Avoiding the "Megapixel Method" When It Comes to AI

3 min read

Key considerations to help make the best decision about the AI for you.

A number of years ago, I was in the market for a good digital camera. As you’d expect, the internet provided an overwhelming amount of information on the topic. One thing always stuck in my mind, though — the industry and consumers had adopted the number of megapixels as the Key Performance Indicator (KPI) of picture quality without a really good reason to do so. Megapixels is just one KPI from a large number of factors.

Even if you look at digital cameras in phones today, the number of megapixels is still prominently displayed. If you buy a camera solely on megapixels, you may not be very happy to learn that cameras with fewer megapixels can often take better pictures.

From an artificial intelligence (AI) perspective, I am jealous. Rightly or wrongly, when it comes to cameras, there is an agreed-upon benchmark that consumers look for and understand. Unfortunately, the same is not true for AI. There is no single benchmark for a customer to assess, for example, whether one vendor’s AI is better than a competitor’s AI.

However, there are certainly key considerations to help you make the best decision.

Your needs

Let’s assume the value is similar in multiple AI products that you are evaluating. They all claim to have the ability to do anomaly detection on log and metric data, event correlation and the ability to analyse and use unstructured data.

Data requirements

Does a potential vendor’s AI work on all of your data? Even your proprietary data that is relevant to your business? If not, why not? Perhaps it is tied to a specific technology as it relies on hard-coded rules, content or uses pre-trained models. The ideal solution would work with the data you have today and what you may have in the years to come.

Does the AI work immediately? The ideal solution would work with the data that is available — whether that is hours, days or years — and use the best AI to suit it (and do so automatically). Using one set of techniques on sparse or new data and perhaps graduating to more sophisticated deep learning approaches when a large amount of data has been accrued — but, fundamentally, providing value regardless.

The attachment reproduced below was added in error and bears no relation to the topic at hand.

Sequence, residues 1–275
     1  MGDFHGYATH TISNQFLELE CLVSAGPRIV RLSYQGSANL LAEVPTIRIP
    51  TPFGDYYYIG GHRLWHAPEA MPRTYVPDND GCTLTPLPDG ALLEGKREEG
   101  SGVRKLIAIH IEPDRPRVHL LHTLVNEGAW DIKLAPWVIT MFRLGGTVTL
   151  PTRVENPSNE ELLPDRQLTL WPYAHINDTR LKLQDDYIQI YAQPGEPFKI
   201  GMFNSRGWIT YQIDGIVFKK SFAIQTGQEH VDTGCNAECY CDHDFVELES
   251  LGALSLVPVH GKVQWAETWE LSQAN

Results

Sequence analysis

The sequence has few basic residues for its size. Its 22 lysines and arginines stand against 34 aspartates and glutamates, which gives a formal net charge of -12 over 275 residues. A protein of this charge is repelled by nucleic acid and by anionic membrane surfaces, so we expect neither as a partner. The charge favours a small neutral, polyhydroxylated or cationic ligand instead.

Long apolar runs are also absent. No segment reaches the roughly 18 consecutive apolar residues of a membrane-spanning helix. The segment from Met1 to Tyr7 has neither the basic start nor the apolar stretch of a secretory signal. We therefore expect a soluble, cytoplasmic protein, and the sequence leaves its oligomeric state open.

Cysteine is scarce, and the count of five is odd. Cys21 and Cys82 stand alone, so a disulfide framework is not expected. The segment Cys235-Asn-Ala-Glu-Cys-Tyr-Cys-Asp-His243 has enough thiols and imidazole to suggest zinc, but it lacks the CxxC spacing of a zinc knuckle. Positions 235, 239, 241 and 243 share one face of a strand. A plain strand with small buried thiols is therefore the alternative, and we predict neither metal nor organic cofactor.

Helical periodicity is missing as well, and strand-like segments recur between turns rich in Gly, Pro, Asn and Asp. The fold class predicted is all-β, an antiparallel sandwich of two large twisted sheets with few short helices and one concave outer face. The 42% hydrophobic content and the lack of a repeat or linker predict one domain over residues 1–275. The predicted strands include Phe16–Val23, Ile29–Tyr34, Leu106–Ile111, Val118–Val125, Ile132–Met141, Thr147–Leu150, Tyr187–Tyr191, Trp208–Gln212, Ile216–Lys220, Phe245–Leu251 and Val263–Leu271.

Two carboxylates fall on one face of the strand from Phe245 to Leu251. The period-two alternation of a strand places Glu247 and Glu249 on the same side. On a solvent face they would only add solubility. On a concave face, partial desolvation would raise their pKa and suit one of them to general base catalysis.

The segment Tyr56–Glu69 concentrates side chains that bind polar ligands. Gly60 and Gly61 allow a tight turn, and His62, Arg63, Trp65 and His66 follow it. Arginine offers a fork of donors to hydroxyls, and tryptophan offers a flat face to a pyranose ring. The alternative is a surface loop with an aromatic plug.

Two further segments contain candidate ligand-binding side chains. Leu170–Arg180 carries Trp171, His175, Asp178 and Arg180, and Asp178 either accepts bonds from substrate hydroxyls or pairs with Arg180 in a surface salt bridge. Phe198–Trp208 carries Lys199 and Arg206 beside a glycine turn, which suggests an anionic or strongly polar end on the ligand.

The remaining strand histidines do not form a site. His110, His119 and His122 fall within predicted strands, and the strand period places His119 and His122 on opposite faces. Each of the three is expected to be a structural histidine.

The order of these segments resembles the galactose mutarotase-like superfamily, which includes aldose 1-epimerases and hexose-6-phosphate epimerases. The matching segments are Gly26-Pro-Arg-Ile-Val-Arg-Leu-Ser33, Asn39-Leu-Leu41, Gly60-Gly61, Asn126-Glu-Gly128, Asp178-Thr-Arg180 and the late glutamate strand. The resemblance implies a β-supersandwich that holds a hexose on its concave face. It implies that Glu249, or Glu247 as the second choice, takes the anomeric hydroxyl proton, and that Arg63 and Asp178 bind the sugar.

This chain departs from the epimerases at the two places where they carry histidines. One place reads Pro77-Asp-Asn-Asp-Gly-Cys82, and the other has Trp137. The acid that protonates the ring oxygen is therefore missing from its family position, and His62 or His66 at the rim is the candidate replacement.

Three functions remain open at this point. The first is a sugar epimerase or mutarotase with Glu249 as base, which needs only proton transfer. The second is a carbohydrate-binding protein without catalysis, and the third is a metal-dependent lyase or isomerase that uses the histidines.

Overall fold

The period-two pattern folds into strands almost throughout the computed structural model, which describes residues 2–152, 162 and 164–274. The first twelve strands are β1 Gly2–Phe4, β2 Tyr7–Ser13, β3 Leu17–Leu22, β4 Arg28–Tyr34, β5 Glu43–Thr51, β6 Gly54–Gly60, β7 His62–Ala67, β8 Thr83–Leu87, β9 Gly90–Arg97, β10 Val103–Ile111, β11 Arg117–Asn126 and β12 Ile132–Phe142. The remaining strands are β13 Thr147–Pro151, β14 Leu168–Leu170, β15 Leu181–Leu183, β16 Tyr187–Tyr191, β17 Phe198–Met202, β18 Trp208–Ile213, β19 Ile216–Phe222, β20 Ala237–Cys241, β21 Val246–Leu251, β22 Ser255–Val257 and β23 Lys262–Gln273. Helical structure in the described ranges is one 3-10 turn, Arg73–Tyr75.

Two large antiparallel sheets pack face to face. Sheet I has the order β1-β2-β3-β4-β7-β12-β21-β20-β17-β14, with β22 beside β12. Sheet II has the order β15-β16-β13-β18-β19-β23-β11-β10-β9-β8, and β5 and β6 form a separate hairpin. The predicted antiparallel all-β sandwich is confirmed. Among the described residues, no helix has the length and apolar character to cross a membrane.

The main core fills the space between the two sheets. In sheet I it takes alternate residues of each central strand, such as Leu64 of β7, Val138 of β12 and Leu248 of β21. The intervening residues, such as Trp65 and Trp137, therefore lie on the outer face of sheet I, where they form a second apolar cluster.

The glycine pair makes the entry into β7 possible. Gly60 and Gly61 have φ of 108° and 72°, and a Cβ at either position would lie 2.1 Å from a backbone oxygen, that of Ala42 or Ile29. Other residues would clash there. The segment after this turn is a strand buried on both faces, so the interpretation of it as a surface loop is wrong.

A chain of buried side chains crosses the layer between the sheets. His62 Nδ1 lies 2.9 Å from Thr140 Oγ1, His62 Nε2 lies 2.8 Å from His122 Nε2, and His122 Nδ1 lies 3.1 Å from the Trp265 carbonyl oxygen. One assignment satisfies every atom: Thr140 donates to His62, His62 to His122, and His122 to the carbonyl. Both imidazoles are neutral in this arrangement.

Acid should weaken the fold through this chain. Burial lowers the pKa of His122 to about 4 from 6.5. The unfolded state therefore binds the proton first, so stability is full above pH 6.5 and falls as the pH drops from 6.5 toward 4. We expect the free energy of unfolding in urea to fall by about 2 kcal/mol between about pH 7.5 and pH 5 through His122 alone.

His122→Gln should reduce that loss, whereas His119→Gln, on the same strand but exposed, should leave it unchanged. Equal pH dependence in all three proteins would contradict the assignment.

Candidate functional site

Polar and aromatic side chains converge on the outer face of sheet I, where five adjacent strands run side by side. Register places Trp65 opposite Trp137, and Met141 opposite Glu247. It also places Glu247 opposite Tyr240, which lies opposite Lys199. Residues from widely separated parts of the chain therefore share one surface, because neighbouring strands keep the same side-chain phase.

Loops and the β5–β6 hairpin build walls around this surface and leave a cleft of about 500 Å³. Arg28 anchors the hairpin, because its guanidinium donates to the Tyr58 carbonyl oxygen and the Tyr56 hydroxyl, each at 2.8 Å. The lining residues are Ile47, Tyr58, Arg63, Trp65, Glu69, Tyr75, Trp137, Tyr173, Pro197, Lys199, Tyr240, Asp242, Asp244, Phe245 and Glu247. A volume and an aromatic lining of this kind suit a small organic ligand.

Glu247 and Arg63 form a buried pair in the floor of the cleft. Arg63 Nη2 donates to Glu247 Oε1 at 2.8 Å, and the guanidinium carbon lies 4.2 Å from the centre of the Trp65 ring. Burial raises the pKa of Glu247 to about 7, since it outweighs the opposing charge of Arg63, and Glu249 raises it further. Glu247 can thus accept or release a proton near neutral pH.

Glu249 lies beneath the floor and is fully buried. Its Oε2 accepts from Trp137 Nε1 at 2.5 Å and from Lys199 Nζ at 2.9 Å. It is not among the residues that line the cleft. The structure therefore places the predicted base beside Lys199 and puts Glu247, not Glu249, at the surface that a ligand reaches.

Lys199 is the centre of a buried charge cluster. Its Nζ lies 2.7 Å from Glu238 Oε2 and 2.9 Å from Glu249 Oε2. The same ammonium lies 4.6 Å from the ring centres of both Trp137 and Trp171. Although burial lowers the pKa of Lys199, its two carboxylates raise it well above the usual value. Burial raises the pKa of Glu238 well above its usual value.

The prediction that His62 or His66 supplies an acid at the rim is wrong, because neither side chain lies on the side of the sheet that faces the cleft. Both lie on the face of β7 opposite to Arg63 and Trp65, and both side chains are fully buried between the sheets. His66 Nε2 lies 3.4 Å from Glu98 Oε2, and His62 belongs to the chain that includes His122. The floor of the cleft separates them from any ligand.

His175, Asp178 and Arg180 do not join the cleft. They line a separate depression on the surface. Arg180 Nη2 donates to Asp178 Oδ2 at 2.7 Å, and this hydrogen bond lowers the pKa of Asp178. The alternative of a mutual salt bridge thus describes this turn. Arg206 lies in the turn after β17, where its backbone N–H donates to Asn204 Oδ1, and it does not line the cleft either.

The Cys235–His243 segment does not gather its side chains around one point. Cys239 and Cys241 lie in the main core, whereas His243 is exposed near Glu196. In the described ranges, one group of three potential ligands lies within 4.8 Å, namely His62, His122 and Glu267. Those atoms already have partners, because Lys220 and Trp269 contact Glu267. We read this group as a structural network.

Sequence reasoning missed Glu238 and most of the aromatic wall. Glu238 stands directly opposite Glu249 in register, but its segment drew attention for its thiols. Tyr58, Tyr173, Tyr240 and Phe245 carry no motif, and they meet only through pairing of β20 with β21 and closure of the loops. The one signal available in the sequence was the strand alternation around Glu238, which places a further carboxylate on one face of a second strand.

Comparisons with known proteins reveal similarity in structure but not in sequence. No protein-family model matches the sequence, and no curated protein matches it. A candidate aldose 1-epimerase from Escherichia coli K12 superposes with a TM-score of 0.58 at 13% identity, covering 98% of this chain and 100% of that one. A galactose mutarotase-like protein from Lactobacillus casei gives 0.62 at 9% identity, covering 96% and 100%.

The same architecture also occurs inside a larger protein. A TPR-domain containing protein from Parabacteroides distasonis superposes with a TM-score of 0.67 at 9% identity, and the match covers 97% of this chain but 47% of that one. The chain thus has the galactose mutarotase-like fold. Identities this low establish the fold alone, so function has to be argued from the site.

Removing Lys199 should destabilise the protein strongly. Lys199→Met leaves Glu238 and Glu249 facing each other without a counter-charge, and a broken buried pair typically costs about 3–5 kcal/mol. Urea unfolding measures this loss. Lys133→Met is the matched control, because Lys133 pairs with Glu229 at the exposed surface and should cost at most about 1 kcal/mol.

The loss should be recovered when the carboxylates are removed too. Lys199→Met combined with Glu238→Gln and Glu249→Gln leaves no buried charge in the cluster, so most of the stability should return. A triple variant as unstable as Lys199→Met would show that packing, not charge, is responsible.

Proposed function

In IBM Cloud Pak® for Watson AIOps, our AI works with all of your data — both IBM and non-IBM. We use a variety of techniques to ensure that we can give the best insights with the data you have available and the sophistication to continue to yield better results with more data.

Tuning and configuration

How does the AI train? How is it tuned? When you purchase the product, do you have to pay for an additional service to make it work? Do you incur more charges if the vendor has to come back in six months and optimise it again?

In my opinion, if a human has to tune the AI after it is deployed, then it is not really AI. The AI should know whether or not it is doing a good job based on feedback, or based on internal assessment, and adjust accordingly. If you are being asked for the parameters to configure the AI, that is also suspect. The ideal parameters can be best determined by analysing the data, and the AI should do this automatically. In fact, the only way I would know which parameters to accurately specify is to run one or more experiments, which the AI should do itself.

In IBM Cloud Pak for Watson AIOps, our AI is self-tuning and self-configuring. There will not be an ongoing investment required to ensure the AI continues to perform at its best.


How much data can the AI analyse? Can it do it efficiently? In modern environments where everything is in the cloud, customers need to be able to deploy the analytics on servers they have available, which will typically have limited CPU and memory. Gone are the days when we can ask a customer for a large monolithic server — they are scarce in the cloud or in virtualised environments. The AI must be able to distribute over a number of small servers and scale to their needs.

In IBM, we have some of the largest customers in the world, and one of our challenges is to ensure the AI can meet their needs to scale and run on the hardware they have available. Having AI that is optimised, distributable and scalable is a minimum requirement for delivery.

Implementing AI that’s fit for purpose

There may not be a unified benchmark for AI across industry and customers, but there are core considerations and key questions to ask to understand if the AI is real and that it is fit for purpose.

Learn more about IBM Cloud Pak® for Watson AIOps.

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